So long as there is evidence that women would not be safe from distress, trauma and re-traumatisation due to the inclusion of transwomen in women’s provisions, the government must recognise that those spaces are no longer safe for women.

Evidence regarding the need for female-only provision:


The following is the full conclusion of this paper, based on the evidence therein from women working in women’s services: 

“This article acknowledges that MTFs [male to female transgender people] have special needs and equal rights before the law. However in the case of women-only space and in the current social and legal context, protecting the rights of one minority group, transgendered people, infringes on the rights of another minority group, women, with serious consequences for all women. The dilemma of managing the ‘rights’ perspective is the reason why many of the participants in this study opted for transgender inclusion, even while understanding the difficulties this posed for their female clients. Many other participants were prepared to take a stand and make the difficult decision that MTFs need to create their own safe space. MTF inclusion in women-only spaces, whether as clients or as workers, compromises the rights of women to seek support in a context where they are with, and receive professional help from, people with whom they have shared experiences. The inclusion of men or MTFs results in the elimination of women-only space and re-assimilation into male dominated institutions. Such mainstreaming can potentially remove the focus from women’s issues and return to a situation described by Kaplan (1996) where women’s needs in health and refuge become invisible and neglected. As proposed by Freedman (1979) the decline of the gains achieved for women by feminism is under threat by the erasure of women-only space…Trans-inclusion then is one of the greatest threats faced by women.”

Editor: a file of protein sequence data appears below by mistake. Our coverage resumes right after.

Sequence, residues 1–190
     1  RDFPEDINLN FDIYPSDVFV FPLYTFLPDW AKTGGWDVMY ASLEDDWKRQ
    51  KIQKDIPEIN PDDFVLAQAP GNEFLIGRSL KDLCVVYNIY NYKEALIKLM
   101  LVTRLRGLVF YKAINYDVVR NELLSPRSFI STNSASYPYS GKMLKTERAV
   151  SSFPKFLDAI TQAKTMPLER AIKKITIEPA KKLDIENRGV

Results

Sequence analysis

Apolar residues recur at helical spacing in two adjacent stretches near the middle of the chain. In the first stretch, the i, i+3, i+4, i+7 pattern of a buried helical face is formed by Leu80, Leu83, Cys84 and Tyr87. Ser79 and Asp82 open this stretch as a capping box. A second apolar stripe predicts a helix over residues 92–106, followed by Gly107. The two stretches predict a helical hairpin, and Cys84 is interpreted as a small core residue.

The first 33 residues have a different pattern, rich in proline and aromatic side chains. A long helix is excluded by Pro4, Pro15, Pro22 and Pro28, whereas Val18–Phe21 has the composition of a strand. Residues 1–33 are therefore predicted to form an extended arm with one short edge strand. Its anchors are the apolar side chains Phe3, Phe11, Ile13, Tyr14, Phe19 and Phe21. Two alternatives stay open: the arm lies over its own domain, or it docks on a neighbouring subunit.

It also important to highlight that this paper states the following: “It was also noted by providers, both those who said they would consider trans inclusion and those who said they would not, that they understood transwomen could ‘trigger trauma’ and remove women’s ‘sense of safety’”, thus making it clear it was understood that the inclusion of transwomen can remove women’s safe spaces.

Female Only Provision: A Women and Girls in Scotland Report:

The following is a selection of quotes women provided in their survey responses regarding how trans inclusion policies would impact them:

“Depending on the type of facility I would be extremely uncomfortable and would likely avoid it – I would not stay at a YHA anymore due to their policy of allowing self-identified women into single sex female dorms – as a teenager I was sexually assaulted by a man in a mixed hostel dorm and have relied on single-sex spaces since. I would not use showers at a pool or gym and would only change there if there were decent cubicles – even so I would be very uncomfortable as it is not uncommon for the changing rooms to be pretty empty at certain times of the day”

“I am a survivor of long term violent sexual abuse at the hands of men. In those places, that are supposed to be safe havens for victims, a male would cause inevitable re-traumatisation”

“I would feel very, very unsafe. Not only would I not feel safe using it but it would severely affect my PTSD and I would probably never feel safe to use a women’s service again”

 “I have had to seek refuge from violence more than once and would NOT have gone had there been males present in any format”

“I would walk out. The trauma would be unbearable.”

“This is very personal to me. I am currently in a refuge and have been for over 30 months with my child. The notion that we would have been presented with someone who “identified” as female is horrifying. Women and children fleeing domestic violence have been put through horrific gaslighting and violence. To tell them that this person they can see is Male is actually a woman, and that to object to this is bigoted is a final act of violence and gaslighting. Certainly I would have been unable to stay”

Supporting Women in Domestic and Sexual Violence Services Report: Fair Play for Women:

A quote from a report by UK-based women’s group, Fair Play For Women, highlights the cruelty behind forcing women to share single sex spaces with people of the opposite sex and telling them that their issues with such a setup is down to ignorance or bigotry.

“My need for female-only spaces is hardwired into me as a result of the abuse I suffered. Pretending that traumatised women can’t tell the difference between male- and female-bodied people is gaslighting. Asking us to deny the effects of our trauma, to override all those dreadful feelings destroying us from the inside out, in order to be kind and inclusive, is simply wrong.”

The Women’s Resource Centre: